Following months of mock drafts and speculation, the NFL Draft itself can also often become a game of “what if?”
Teams see players come off the board just before they go on the board and lament how close they got. Fans demand answers to why their general manager traded up or traded back, thinking what could have been otherwise.
In the case of the New York Giants, an actual trade proposal has been reported following the draft. Bills general manager Brandon Beane confirmed that he tried to trade up to the Giants’ pick No. 25 to take tight end Dalton Kincaid. Buffalo had the 27th pick, and Joe Schoen was previously Beane’s assistant GM there.
Beane confirms that Schoen was asked about trading down to 27 (Bills original pick) pic.twitter.com/wyauoYgpAV— nunez roaches (@glock_roach_) April 30, 2023
This is an interesting what-if scenario to think about, though: what if, instead of trading up, Schoen had traded back two spots to pick No. 27?
Who could they have selected?
If the Giants had traded down to pick No. 27, there’s a chance that Dallas, not New York, would have been the team to trade up with Jacksonville. The Cowboys clearly wanted Kincaid, but they also likely knew that Buffalo coveted him.
Still, the Giants traded up to No. 24 largely because they did not want the Cowboys (or any other team) to leapfrog them for Deonte Banks. That leaves the possibility that Banks would have been off the board had they traded back.
If the Cowboys had, indeed, selected Kincaid, it’s hard to predict what Buffalo would have done. Would they have taken Michael Mayer, who was considered by many to be the top tight end in the draft but ultimately slid into the second round, where the Raiders traded up for him at No. 35? Would the Bills have gone in a different direction?
Either way, in that scenario, Jacksonville is at pick 26. Presumably, they would have still taken tackle Anton Harrison, leaving Banks on the board at No. 27. But if Dallas took Banks at No. 26 rather than trading up, it’s possible the Giants would have taken Joey Porter Jr., considered the next cornerback on the board.
Schoen and Brian Daboll clearly preferred Banks significantly over Porter considering that they traded up despite being guaranteed one of the two corners. Still, it seems apparent that corner was the Giants’ No. 1 priority at that spot once the run on receivers hit in the early 20s.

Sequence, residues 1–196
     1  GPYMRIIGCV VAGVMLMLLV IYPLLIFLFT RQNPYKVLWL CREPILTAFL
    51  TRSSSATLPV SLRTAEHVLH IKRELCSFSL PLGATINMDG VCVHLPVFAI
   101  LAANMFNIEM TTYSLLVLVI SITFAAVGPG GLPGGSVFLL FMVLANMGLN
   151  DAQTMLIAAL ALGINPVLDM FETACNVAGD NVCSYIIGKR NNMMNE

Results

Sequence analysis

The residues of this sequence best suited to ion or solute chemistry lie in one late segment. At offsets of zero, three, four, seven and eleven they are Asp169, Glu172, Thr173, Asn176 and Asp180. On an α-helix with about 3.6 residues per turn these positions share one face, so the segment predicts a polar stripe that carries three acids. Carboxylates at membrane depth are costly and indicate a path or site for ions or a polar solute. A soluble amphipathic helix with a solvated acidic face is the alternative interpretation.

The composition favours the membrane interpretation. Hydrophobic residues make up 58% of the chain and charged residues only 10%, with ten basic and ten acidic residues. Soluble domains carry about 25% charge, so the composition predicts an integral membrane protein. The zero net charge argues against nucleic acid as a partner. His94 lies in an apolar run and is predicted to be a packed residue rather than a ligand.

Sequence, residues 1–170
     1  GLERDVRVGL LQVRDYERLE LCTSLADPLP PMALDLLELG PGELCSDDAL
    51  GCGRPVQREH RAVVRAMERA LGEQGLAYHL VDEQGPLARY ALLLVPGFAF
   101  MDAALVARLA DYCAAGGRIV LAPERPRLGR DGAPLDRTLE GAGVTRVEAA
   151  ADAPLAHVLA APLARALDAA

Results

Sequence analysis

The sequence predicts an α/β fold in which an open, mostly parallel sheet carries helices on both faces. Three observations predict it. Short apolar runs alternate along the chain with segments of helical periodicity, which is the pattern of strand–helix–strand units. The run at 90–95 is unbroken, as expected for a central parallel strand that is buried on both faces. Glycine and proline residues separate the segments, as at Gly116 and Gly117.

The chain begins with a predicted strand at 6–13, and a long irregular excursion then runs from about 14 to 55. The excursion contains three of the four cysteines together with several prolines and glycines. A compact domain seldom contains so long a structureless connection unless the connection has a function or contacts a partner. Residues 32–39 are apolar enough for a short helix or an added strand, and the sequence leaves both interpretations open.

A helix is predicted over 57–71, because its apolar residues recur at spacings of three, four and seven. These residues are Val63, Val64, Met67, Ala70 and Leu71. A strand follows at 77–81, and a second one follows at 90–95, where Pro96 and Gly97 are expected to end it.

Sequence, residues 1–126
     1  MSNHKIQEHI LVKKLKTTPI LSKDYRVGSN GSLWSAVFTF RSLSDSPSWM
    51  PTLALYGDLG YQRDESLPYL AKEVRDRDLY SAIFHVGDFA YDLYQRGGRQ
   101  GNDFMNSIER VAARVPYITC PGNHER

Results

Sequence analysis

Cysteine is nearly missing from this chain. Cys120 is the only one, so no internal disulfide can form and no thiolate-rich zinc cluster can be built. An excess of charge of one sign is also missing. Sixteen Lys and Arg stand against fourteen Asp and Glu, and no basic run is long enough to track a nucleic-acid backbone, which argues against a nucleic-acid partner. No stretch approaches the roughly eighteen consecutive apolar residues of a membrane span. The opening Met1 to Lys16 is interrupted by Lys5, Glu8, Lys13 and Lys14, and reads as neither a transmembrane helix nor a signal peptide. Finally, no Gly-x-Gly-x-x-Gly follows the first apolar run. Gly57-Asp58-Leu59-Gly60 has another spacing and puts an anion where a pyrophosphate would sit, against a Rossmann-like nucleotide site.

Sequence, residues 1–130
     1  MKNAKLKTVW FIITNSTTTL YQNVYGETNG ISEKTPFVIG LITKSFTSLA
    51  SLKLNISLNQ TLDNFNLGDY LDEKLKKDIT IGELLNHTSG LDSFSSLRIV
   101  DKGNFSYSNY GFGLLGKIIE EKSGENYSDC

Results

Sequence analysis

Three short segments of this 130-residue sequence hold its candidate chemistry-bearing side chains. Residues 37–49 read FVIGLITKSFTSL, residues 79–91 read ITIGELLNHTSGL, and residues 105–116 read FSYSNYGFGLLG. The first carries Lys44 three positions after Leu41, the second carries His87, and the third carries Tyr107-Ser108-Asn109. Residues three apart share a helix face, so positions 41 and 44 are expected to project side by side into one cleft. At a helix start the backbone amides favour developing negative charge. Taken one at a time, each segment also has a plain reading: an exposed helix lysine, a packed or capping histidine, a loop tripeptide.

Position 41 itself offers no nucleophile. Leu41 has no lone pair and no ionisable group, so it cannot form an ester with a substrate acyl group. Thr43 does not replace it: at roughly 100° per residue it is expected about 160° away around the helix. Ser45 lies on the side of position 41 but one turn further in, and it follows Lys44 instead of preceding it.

Extra draft capital
If Schoen had traded back, he would have picked up an extra selection (or two) rather than giving up two picks. Considering that the Giants gave up picks 160 and 240 to move up one slot, Buffalo would have likely given up something in that ballpark for the move, maybe just the fifth-rounder and not also the seventh.
Although Schoen was aggressive in this draft, having an extra fifth-rounder could have allowed him to add more depth to their defensive line or tight end room. It’s not as if fifth-round picks are usually Day 1 starters, but having more bites at the apple is considered a good thing.
Should Schoen have done it?
Considering the players that the teams in front of the Giants appeared to want the most, it’s possible that Schoen did not need to move up to get Banks. Maybe he could have even moved back and still ended up with his guy.
However, with the aggressive defense that Wink Martindale employs, he needs press cornerbacks. The Giants had a strong preference for Banks over Porter Jr. They did what they needed to do to secure their guy.
It’s far better to have given up extra late-round picks to get the player you want rather than to be left holding the bag. That’s what happened to the Cowboys, who picked Mazi Smith in a seemingly panic-driven move after the Bills leapfrogged them for Kincaid.
The NFL Draft is ultimately a game of cat-and-mouse. With all the lies and disinformation out there about teams’ draft boards and preferences, it’s very difficult to know in advance what any given team is going to do. Even afterward, we can only try to read between the lines and guess if a team is telling the truth about their board or not.
In this case, Schoen decided to ensure that he got his guy rather than taking a gamble. Interestingly, he did the opposite in the second round, standing pat rather than trading up to secure John Michael Schmitz. Imagine if a different team between No. 43 and 57 had taken Schmitz; what would Giants fans be saying?
Maybe the Giants liked a different center almost as much as they did Schmitz, and that’s why they chose to stay put, unlike with Banks. That’s the cost-benefit analysis in the draft.
Ultimately, how Banks plays, especially compared to Porter Jr., will determine whether Schoen was retroactively “right” to be aggressive rather than trading back. At the time of the move, though, it made sense considering the Giants’ scheme preferences and their evaluation of the player.
Bookmark this article for a reset in a couple of years.